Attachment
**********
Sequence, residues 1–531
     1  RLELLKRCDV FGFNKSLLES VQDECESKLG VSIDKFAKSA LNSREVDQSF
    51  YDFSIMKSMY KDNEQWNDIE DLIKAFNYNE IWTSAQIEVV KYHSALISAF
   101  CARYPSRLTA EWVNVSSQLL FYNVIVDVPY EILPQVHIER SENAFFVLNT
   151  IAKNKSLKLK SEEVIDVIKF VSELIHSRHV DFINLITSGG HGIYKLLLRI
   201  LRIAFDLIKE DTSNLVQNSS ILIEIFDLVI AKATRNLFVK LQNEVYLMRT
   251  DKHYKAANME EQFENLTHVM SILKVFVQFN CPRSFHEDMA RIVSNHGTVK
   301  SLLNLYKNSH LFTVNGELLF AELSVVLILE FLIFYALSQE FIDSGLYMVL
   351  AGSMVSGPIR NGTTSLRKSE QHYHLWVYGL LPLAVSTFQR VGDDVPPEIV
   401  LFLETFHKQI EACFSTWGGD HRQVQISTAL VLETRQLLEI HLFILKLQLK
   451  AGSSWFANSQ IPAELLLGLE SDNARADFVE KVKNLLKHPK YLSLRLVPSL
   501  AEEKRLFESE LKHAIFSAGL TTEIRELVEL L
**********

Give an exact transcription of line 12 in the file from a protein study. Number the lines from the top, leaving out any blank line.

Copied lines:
   501  AEEKRLFESE LKHAIFSAGL TTEIRELVEL L